I called Nancy. It was 5.30pm on a Saturday. I was blunt. "Nancy, this morning I had an inexplicable urge to ram my car into a moving truck. I don't WANT to die, but 'something' was pushing me to do it. And just now I almost had a heart attack cutting my son's cake." The events become foggy at this point. I'm not sure what she said to me. I do know that she said she was calling it. Therapy wasn't cutting it anymore. I remember her calling my husband right afterwards, and he walked away so I wouldn't hear. I now know they discussed getting me to a psychiatrist that night, or admitting me in hospital. They settled on taking me to see the doctor Monday morning. We spent Sunday at home; I slept most of the day. Bryan stayed next to me, holding me, getting me to eat, and taking care of the kids. I was just so tired. Officially done with this life of darkness. After three years of fighting it, I finally agreed to be put on medication.
Enter Dr. Kigamwa. Let me first say, he is an AMAZING psychiatrist. He was very respectful in his questions and he let me talk everything out. He wasn't condescending about my leaving the practice; he spoke to me as his peer. He's one of only three other older doctors that have lauded me about my decision to raise my kids fulltime; all the others have declared me an embarrassment. Kigamwa didn't dumb things down, but spoke as though we were conducting a ward round. He also asked to speak to Bryan alone, and was direct with me about it. "I need to hear the story from someone not suffering from the disease. I need to know what it has been like living with you." That stung, I won't lie, but I knew he was right.
That day, I faced my diagnosis full in the face: Postpartum Anxiety Disorder with Mild Depression. Blindsided once again. We were armed to the hilt to tackle depression, but got defeated by an enemy we didn't even know was there: anxiety. I was sent home on antidepressants and an anxiolytic for emergencies. I was to use it only after I had tried all my therapy coping exercises and still couldn't control the oncoming anxiety attack. He actually gave me only five tablets, because they have addiction potential. And we went home.
In just three days, our life had completely turned around. In fact the first night I took the meds I slept a full, uninterrupted 8 hours; a miracle! The freight train of thoughts in my brain screeched to a halt immediately. Guys. EVERYTHING changed; I wanted to eat, and I enjoyed the food. I was back in the kitchen doing what I love, cooking and baking for my people. The physical symptoms- shakiness, breathlessness, palpitations, they all disappeared. I continued seeing Nancy weekly, then twice a month, and one day she looked at me and said, "I don't need to see you anymore Wambui. I'm convinced you can live your life now." We both teared up as I said goodbye; she had been a part of our family for two years.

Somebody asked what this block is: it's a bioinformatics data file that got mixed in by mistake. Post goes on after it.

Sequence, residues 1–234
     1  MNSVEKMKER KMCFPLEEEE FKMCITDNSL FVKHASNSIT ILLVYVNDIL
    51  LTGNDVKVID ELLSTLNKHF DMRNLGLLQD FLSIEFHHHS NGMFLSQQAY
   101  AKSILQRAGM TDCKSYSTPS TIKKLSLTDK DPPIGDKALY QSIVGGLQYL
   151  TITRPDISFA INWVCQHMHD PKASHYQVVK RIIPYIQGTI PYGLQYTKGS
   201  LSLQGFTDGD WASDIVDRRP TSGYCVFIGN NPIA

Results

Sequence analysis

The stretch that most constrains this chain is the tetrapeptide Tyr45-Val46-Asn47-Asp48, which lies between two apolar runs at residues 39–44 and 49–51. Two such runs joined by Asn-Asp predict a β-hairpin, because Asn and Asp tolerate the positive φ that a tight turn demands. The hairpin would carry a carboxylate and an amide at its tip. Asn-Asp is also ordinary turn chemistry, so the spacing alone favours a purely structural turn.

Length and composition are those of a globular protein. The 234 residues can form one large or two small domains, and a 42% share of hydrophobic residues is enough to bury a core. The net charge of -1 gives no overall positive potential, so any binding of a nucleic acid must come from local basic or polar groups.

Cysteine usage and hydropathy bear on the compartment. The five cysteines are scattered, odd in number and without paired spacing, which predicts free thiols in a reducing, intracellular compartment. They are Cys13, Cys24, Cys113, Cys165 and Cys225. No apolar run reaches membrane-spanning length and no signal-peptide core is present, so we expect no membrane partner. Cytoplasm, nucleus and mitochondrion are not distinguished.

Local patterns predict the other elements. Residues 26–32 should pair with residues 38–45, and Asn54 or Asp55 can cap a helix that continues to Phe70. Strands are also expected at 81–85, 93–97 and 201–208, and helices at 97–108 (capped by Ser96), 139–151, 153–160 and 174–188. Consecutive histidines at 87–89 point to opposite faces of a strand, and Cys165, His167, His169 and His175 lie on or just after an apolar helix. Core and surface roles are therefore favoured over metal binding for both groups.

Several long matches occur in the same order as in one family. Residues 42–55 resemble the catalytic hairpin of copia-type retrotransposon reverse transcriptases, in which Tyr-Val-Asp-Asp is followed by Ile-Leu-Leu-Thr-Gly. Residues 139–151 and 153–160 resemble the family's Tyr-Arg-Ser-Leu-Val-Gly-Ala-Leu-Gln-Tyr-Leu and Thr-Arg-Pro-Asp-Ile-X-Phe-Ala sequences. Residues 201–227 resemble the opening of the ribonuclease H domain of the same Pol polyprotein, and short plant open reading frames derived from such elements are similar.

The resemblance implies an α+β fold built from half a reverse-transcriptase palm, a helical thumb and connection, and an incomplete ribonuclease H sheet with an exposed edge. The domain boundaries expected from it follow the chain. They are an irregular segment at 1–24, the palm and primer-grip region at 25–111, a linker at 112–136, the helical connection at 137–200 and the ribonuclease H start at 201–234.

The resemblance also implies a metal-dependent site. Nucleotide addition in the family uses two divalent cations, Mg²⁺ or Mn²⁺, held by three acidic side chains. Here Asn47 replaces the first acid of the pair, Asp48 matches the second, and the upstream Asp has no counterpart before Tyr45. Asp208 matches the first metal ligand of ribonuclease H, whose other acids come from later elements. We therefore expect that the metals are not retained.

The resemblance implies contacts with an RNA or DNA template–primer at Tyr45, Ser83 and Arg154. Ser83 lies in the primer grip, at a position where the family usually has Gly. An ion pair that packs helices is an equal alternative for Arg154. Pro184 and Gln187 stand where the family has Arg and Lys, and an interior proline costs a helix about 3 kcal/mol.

Dr. Kigamwa has given me 8 months, perhaps a year before I'll be off the medication permanently. Postpartum depression and anxiety are transient. The labour and delivery of your baby throws your brain chemicals into an upheaval too great to overcome on your own. The medication sets them back to normal levels and then you move on with your life. You are not alone, dear reader...1 in 5 of us is a victim. That's 20% of mothers. We are many.
And now here we are, present day. I've been on medication a few months, and I'm doing great. I'm learning to manage the disease. For now, I can't be relaxed in large crowds; malls swarming with people, weddings, concerts etc. These are currently triggers for my anxiety and I have to work hard to keep calm and this it tires me out. So I avoid them as much as I can. Even so, I'm slowly working my way back. I've been to one friend's wedding, and to two family gatherings and I've FORGOTTEN to panic, LOL. After every event, Bryan hi-5's me and says, "You did good my girl, well done." I'm preparing myself for my children's birthdays, because those will in all likelihood bring on a tsunami of emotions. Exercise is a lifeline as well. I feel really good when I'm consistent; and when I slack on it, the grey clouds gather. So I lace up and go to the gym. Writing has been a most powerful drug for me. This blog is as much for me as it is for you all.
I've been telling people that I feel like myself again; Bryan says his girl is back. And it is true to some extent. However, these last three years have changed me forever. I'll never be the Wambui I was in 2012 ever again. But that isn't a bad thing.
I can't believe I'm even typing this, but walking this valley of the shadow of death, has been a privilege. Praise God for bringing me to this truth. I have seen and known Him in ways one can only discover through suffering. The Bible has become my life. God's words now permeate every facet of my life, all my decisions, my every action. I could write an entire book on this, how I have seen the goodness of the Lord in the land of the living, but I think this post is long enough now.
For those that know me. PLEASE don't act weird when we meet. Don't give me that hug, don't keep looking at me searching for any signs of crazy, LOL. And please don't also act as though you haven't been on the blog, when we both know you have! Don't walk on eggshells around me, afraid to bring up the topic. I'm good guys, I'm easy. Ask anything you're curious about. I remain your friend, Wambui...as you have always known me.
Thank you for reading our story. I pray continually for every reader to encounter God in my words, and that He would comfort those who need comforting, heal those in need of healing.
May God be GLORIFIED.
And the rain fell, and the floods came, and the winds blew and beat on that house, but it did not fall, because it had been FOUNDED ON THE ROCK. Matt 7:25
Christian, wife, mom, doctor, and an alien on earth, on my way to the city of God.